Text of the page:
Archivists’ Toolkit, where we are and the tangled roads ahead

In late 2007 we acquired, and in early 2008 implemented, a collections management software package called Archivists’ Toolkit (not to be confused with the other, also highly useful Archivist’s Toolkit, produced by the Archivists Association of British Columbia). There were other possibilities, but it seemed to be the one that answered the needs I was seeing at the time for the department. It allows us to track things as they come in through “accession records,” and even retroactively create records to track acquisitions and de-accessions that we haven’t had in decades. It allows us to then generate what they call “resource records,” from which we can produce consistent finding aids and MARC records for the library’s catalog. It must be admitted that there is a bit of an initial learning curve, but once you have gotten past that, the program becomes fairly intuitive.

There are many things that the program will not do, such as allow access to the resource records to people outside via the web, although a competing program called Archon seems to do that very well. However, the collection management side wasn’t quite what I was wanting. AT, as the Toolkit is informally known, doesn’t track patron requests, control reference workflow, or ship copies out to patrons — that would be a program called Aeon, which I would love to implement as soon as we can afford to do so. So, these are the players on the field currently.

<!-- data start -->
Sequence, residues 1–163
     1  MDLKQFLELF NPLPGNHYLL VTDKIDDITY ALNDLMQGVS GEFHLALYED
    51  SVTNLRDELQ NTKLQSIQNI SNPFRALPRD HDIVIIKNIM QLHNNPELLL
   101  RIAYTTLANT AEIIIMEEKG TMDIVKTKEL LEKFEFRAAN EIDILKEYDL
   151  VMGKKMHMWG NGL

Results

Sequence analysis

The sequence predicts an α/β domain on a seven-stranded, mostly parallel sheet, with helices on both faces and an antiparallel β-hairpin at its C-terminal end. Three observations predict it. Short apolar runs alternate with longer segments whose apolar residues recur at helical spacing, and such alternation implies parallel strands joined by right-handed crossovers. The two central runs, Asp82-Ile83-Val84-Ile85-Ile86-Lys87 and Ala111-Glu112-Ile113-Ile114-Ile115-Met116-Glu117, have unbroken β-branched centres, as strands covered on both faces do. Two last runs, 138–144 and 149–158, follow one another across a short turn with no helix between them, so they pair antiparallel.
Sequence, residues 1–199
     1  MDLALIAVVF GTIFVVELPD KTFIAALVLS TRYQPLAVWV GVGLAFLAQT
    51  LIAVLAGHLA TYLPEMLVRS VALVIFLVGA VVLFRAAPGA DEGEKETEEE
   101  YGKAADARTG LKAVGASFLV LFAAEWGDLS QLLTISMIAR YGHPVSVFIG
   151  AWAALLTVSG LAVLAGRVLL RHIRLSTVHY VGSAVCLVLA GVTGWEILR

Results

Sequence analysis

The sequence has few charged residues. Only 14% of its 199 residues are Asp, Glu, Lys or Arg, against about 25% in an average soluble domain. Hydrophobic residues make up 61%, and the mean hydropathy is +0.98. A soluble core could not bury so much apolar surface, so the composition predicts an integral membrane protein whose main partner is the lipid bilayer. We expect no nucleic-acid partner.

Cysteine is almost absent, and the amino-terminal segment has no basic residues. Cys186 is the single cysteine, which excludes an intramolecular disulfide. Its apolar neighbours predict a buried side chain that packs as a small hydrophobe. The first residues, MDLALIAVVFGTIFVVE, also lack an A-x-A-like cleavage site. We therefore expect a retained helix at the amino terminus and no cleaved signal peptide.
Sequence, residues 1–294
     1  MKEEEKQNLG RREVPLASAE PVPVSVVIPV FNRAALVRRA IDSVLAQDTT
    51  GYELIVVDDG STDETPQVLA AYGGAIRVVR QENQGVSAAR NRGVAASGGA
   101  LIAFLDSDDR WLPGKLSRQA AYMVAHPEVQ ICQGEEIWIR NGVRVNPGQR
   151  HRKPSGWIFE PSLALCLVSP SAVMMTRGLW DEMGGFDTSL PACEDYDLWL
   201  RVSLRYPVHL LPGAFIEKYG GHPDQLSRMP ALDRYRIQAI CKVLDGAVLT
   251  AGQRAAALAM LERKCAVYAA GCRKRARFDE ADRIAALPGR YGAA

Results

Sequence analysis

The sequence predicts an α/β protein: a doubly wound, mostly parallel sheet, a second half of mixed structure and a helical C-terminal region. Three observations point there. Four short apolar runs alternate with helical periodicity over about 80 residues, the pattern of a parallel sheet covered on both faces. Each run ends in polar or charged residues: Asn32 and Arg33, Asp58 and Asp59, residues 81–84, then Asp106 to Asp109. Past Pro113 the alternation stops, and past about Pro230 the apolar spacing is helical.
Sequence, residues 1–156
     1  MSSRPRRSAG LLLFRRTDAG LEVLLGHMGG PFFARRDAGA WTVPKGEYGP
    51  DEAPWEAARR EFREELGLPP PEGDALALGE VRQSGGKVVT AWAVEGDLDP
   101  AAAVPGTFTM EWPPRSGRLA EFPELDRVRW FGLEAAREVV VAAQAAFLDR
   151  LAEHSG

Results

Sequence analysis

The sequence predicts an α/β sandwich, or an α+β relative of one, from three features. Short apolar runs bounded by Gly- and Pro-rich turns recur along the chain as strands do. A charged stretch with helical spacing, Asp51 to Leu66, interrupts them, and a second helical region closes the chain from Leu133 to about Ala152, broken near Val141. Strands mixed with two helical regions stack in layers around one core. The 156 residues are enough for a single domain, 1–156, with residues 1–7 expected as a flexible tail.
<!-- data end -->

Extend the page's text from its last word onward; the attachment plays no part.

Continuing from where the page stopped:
We have caught up with and are keeping current our accessions, and I am gradually tracking old accessions including materials that we received decades ago and no longer have (a pet project of mine – when we’ve published in the past that we own stuff, it’s nice to be able to let researchers know what the status is of those things). We have been converting our old finding aids into AT, and gradually producing new ones. Unfortunately, some of our largest collections (Jean Rhys, Rebecca West, Robertson and Worcester Families) may take a long time to bring over. None of our legacy data is in EAD, it’s all in HTML, and cutting and pasting into resource records is about as efficient as anything else. However, the goal is to covert everything into AT, given time. All new collections being processed are going straight into AT, and they look pretty good (for a short example, take a look at The AOUW papers).

In 2009, it was announced that AT and Archon were joining up to produce a new piece of software intended to present the best qualities of both. Although we haven’t heard much from the developers, I am optimistic, and looking forward to this potential.

Aeon, the last we heard, doesn’t yet have a ready means to interface with AT, instead relying on EAD records, but they have expressed an interest in working towards a solution for their clientele.

In the last few weeks, a new program, still in early beta test, called ATReference, has become available. The developers are describing it as an extended version of AT that will eventually allow the ability to track patrons and their requests. We will probably try later this summer to see how a test database works for us, and in time whether it will successfully work with the planned AT-Archon link-up.

We’ll keep people posted.

About Marc Carlson

The Librarian of Special Collections and University Archives, McFarlin Library, The University of Tulsa since November 2005.He holds a Masters in Library and Information Studies from the University of Oklahoma, and a Bachelor of Arts in History and Anthropology from Oklahoma State University. He has worked in McFarlin Library since 1986.
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